John Piper

John Piper has always been an inspiration, and I don’t remember anyone more clearly enjoying him than a former roommate that I had. Every day, she soaked in devotionals produced by his ministry, Desiring God. And she would often share those devotionals with me or with our coworkers.

The Satisfied Soul by John Piper is a book that now delivers daily meditations on God’s Word, Jesus, and His Sovereignty (in classic Piper style) in the absence of my roommate. I recommend this collection to anyone who desires to understand more about God and His wonderfulness. Only Jesus can satisfy, and, when we have Him, we become a satisfied soul.

I received a complimentary copy of this book from Blogging for Books in exchange for my honest review.


Taste and See

John Piper.

Anyone who is familiar with American evangelicalism will recognize that name. And anyone who has heard one of his sermons will agree: If there is one idea to which Piper has dedicated his life, it is that God is infinitely good and that, in enjoying and glorifying Him, we are eternally satisfied.

Piper’s new book Taste and See falls in line with this common thread, urging readers through daily devotional readings to experience and enjoy God.

I have often been challenged and encouraged by Piper’s messages, and I look forward to reading this book over the course of a year. And I am sure that I will recommend it to others…starting with you. 🙂

I received a complimentary copy of this book from Blogging for Books in exchange for my honest review.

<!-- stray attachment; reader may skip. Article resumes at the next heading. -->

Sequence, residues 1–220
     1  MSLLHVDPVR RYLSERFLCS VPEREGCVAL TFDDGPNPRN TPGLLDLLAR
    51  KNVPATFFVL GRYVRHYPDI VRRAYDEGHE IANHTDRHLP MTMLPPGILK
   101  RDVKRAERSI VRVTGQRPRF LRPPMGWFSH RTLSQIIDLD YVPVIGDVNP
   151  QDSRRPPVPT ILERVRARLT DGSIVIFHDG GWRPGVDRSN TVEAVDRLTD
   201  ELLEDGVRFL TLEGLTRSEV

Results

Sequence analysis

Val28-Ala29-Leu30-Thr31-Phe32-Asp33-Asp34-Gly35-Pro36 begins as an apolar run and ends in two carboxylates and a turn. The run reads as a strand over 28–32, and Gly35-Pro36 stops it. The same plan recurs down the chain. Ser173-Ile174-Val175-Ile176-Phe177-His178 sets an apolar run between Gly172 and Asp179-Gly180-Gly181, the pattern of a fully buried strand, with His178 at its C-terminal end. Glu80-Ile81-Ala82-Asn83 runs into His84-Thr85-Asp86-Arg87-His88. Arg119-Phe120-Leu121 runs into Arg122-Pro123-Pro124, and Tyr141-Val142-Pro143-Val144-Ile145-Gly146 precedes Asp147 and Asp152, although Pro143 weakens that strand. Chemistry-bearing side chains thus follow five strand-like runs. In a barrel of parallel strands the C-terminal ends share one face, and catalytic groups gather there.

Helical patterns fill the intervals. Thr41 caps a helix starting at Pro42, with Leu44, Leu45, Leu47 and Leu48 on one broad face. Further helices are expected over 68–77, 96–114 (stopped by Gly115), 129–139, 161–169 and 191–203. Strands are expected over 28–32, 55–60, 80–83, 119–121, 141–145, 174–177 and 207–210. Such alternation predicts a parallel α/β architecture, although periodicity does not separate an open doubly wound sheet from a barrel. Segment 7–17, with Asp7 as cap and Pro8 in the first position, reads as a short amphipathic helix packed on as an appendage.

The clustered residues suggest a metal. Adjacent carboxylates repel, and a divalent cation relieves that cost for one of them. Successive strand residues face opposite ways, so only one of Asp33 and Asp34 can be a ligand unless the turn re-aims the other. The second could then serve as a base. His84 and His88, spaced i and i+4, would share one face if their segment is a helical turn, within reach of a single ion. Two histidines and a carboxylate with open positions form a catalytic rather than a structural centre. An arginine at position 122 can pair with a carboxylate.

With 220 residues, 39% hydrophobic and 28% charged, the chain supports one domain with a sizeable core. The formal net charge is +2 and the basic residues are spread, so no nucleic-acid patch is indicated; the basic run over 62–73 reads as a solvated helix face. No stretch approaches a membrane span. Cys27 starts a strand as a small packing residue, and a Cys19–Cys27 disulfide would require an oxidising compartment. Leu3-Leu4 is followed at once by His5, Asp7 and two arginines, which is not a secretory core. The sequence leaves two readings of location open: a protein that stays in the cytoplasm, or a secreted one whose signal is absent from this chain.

Lazarus, Come Forth!


Lazaruth, Lazaruth, Lazaruth…I remember hearing my dad mispronounce this famous biblical character’s name again and again. Each time, the little English teacher inside of me would cringe.

But, aside from Lazarus’s somewhat lisped final syllable, my dad always had something wonderful to share with us about this man.

And so does Joanna Weaver. Known more famously as the author of Having a Mary Heart in a Martha World, Weaver has recently published Lazarus Awakening, a wonderful study about a man who, through his own death and resurrection experience, encountered the heart of God.

As Christians, we all too often fall back into a works-based mentality of salvation, thinking–however much we may hate to admit it–that we have somehow deserved or earned God’s favor for our lives.

Not so, Lazarus’ story proclaims.

Weaver masterfully emphasizes biblical truth on this topic. Beginning her book with a quote from fourth-century Christian Serapion of Thmius (“Lord! We entreat you, make us truly alive!”), she establishes a clear connection between Christ and spiritual life.

As a woman, I realize how often my mind begins to think in terms of earning God’s favor. Because of this, I am particularly grateful for Weaver’s work, and I believe that many other women will also find it helpful, challenging, refreshing, and inspiring. I recommend it for any woman–age 9 to 101.

I received a complimentary copy of this book from Blogging for Books in exchange for my honest review.